• Compliance with mandatory or precautionary orders of isolation or
  • Compliance with applicable engineering controls such as proper air flow and exhaust
  • Designation of one or more supervisory employees to enforce compliance with the plan and any other federal, state or local guidance related to avoidance of spreading an airborne infectious disease.
  • Compliance with any applicable laws, rules, regulations, standards or guidance on notification to employees and relevant state and local agencies of potential exposure to airborne infectious disease at the
  • Verbal review of infectious disease standard, employer policies and employee rights under this section of the

Employer Responsibilities

Employers have until August 5, 2021 to complete and adopt either the Model Plan or Industry Specific Plan that applies to them, or to develop and establish an alternative    Plan that meets or exceeds the minimum standard as set forth by the DOL.[iii] Employers adopting a DOL Model Plan must tailor the plan to meet the specific needs of their individual workplace.[iv] Employers who choose to develop their own Plan must develop the Plan pursuant to a collective bargaining agreement (if                applicable), or with “meaningful participation of employees.”

Employers must provide employees with copies of the Plan by the following times:

  • Within 60 days after the NYSDOL publishes the Model Plan relevant to the employer’s industry if the business/employer is in operation as of the effective date of this section, or September 4, 2021;
  • Within 30 days after adoption of the Plan;
  • Within 15 days after reopening after a period of closure due to airborne infectious disease; and
  • Upon hire to newly hired

Employers must provide a written copy of the Plan in English as well as in the employee’s identified primary language. The DOL will publish its Model Plans in English,  Spanish and selected other languages.

Employers must also post the Plan in a “visible and prominent location within each      work site.” If an employer issues an employee handbook, a copy of the Plan must also be included in the employee handbook.

Non-Retaliation Provision

Employers may not retaliate against an employee for reporting violations or concerns, reporting an airborne exposure concern, and/or refusing to work when the  employee in good   faith   believes   that   the   worksite   exposes    them    to safety risks which are inconsistent with laws, rules, policies, or orders of governmental agencies, including the Standard.

Workplace Committees

Section 27-D requires employers with 10 or more employees to permit employees to establish and administer a joint labor-management workplace safety committee by November 1, 2021. It further directs that each workplace safety committee shall be composed of employee and employer designees, at least two-thirds of whom must be non-supervisory employees. Members of the committees shall be chosen by non-supervisory employees.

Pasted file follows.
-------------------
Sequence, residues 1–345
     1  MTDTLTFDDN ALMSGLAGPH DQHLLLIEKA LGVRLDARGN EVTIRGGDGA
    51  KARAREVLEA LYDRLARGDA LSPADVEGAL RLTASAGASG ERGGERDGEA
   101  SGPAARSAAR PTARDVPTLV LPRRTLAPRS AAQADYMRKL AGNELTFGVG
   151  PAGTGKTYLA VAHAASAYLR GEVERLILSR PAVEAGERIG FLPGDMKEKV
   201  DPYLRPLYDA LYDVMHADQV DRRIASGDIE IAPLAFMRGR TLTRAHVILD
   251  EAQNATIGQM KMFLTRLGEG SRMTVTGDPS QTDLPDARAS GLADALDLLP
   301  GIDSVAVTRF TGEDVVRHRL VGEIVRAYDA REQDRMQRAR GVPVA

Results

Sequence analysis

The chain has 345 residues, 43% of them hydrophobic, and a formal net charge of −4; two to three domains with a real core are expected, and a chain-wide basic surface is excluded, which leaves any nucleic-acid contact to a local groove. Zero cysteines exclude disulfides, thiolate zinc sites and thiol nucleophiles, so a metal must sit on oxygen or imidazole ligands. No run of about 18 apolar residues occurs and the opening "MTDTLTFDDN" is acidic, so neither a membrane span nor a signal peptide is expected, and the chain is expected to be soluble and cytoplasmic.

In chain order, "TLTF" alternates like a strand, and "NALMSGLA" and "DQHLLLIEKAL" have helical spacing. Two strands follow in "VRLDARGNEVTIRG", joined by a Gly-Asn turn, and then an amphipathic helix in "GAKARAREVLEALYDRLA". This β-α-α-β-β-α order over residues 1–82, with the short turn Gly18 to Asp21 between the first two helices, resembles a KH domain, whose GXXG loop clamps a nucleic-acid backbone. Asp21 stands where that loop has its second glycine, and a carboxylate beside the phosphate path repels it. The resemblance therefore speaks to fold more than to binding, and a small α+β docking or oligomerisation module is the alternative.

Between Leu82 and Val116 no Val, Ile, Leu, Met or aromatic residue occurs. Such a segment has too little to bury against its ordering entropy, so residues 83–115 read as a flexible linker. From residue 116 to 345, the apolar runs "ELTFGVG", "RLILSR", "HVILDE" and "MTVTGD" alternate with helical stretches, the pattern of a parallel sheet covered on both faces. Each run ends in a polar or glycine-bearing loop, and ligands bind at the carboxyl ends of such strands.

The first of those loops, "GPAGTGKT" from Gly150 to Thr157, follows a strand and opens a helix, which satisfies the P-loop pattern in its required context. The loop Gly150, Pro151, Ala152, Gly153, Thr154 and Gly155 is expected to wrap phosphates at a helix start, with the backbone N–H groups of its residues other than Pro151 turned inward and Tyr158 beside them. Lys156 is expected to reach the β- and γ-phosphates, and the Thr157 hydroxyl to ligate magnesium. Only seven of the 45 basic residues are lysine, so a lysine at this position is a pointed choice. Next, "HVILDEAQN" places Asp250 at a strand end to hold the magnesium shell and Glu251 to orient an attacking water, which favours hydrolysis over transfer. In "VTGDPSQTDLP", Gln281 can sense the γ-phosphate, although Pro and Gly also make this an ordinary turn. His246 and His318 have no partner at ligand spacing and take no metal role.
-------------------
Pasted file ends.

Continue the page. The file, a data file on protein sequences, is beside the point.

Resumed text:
This provision of the Act does not operate to diminish any rights under a collective bargaining agreement. However, parties to a collective bargaining agreement can waive the obligations under Section 27-D, so long as the waiver explicitly references the Act.

Compliance and Penalties

The DOL may investigate violations of Section 218-b and impose penalties of $50 or  more per day for failure to adopt a Plan, as well as $1,000- $10,000 for failure to abide by an adopted Plan. Section 218-b also creates a limited private right of action.[v]

Implications for Employers

Employers must act quickly to adopt a Plan to comply with the August 5, 2021 deadline and other applicable requirements. Employers should also begin planning for how to respond to the November 1, 2021 deadline. We note the possibility that the Act could be challenged under various legal theories, including a claim that it is      preempted in part by the National Labor Relations Act.

If you have any questions regarding the matter raised in this Alert, please feel to    contact Jonathan Trafimow at (516) 880-7283 or jtrafimow@moritthock.com and Jennifer Calamia at (516) 265-1136 or jcalamia@moritthock.com

This Alert is published solely for the interests of friends and clients of Moritt Hock & Hamroff LLP for informational purposes only and should in no way be relied upon or construed as legal advice.

 ©2021 Moritt Hock & Hamroff LLP

[i] All references to the HERO Act include the June 11, 2021 amendments to the Act.

[ii] This includes any airborne infectious agent or disease designated by the Commissioner of Health as a highly contagious communicable disease that presents a serious risk of harm to the public health. COVID-19 has not received this designation at the time of this Client Alert.

[iii] While employers must adopt a Plan by August 5, 2021, such Plan shall only be effective “when a highly contagious communicable disease is designated by the Commissioner of Health as presenting a serious risk of harm to the public health.” See, Department of Labor Airborne Infectious Disease Exposure Prevention Standard, P764 (7/21). As of the writing if this Client Alert, the Commissioner of Health has made no such designation.

[iv] The DOL’s Model Plan for the Construction Industry is available to view or download at: https://dol.ny.gov/system/files/documents/2021/07/construction-exposure-prevention-plan-p765b.pdf

[v] Before commencing a civil action based on an alleged violation of the Act, the employee must give the employer notice of the violation and the employer must have 30 days to remedy the violation. If the employer corrects the violation during that time, the employee may not bring an action. Also, the employee must bring the civil suit within six months of the employee’s discovery of the violation. The employee may seek injunctive relief.